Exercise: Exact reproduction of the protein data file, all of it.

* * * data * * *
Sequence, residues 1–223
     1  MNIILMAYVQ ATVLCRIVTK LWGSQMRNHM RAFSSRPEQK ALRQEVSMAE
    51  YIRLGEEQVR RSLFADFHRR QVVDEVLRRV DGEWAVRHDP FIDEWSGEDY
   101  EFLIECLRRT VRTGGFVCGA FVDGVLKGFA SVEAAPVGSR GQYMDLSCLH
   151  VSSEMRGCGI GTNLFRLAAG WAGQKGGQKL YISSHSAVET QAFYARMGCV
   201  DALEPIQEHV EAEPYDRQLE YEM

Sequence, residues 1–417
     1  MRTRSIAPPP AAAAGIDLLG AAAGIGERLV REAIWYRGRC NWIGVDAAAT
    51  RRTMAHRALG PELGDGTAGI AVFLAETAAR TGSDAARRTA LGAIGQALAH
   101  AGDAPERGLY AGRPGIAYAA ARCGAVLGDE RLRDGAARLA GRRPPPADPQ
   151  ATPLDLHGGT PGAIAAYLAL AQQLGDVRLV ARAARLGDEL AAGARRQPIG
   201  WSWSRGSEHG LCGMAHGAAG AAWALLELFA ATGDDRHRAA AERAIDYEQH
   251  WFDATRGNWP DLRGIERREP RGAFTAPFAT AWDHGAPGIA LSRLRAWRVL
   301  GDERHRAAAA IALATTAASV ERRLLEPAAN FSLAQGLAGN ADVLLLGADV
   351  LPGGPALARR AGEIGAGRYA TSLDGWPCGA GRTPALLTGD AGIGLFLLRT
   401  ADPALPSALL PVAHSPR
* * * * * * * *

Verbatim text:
Sequence, residues 1–223
     1  MNIILMAYVQ ATVLCRIVTK LWGSQMRNHM RAFSSRPEQK ALRQEVSMAE
    51  YIRLGEEQVR RSLFADFHRR QVVDEVLRRV DGEWAVRHDP FIDEWSGEDY
   101  EFLIECLRRT VRTGGFVCGA FVDGVLKGFA SVEAAPVGSR GQYMDLSCLH
   151  VSSEMRGCGI GTNLFRLAAG WAGQKGGQKL YISSHSAVET QAFYARMGCV
   201  DALEPIQEHV EAEPYDRQLE YEM

Sequence, residues 1–417
     1  MRTRSIAPPP AAAAGIDLLG AAAGIGERLV REAIWYRGRC NWIGVDAAAT
    51  RRTMAHRALG PELGDGTAGI AVFLAETAAR TGSDAARRTA LGAIGQALAH
   101  AGDAPERGLY AGRPGIAYAA ARCGAVLGDE RLRDGAARLA GRRPPPADPQ
   151  ATPLDLHGGT PGAIAAYLAL AQQLGDVRLV ARAARLGDEL AAGARRQPIG
   201  WSWSRGSEHG LCGMAHGAAG AAWALLELFA ATGDDRHRAA AERAIDYEQH
   251  WFDATRGNWP DLRGIERREP RGAFTAPFAT AWDHGAPGIA LSRLRAWRVL
   301  GDERHRAAAA IALATTAASV ERRLLEPAAN FSLAQGLAGN ADVLLLGADV
   351  LPGGPALARR AGEIGAGRYA TSLDGWPCGA GRTPALLTGD AGIGLFLLRT
   401  ADPALPSALL PVAHSPR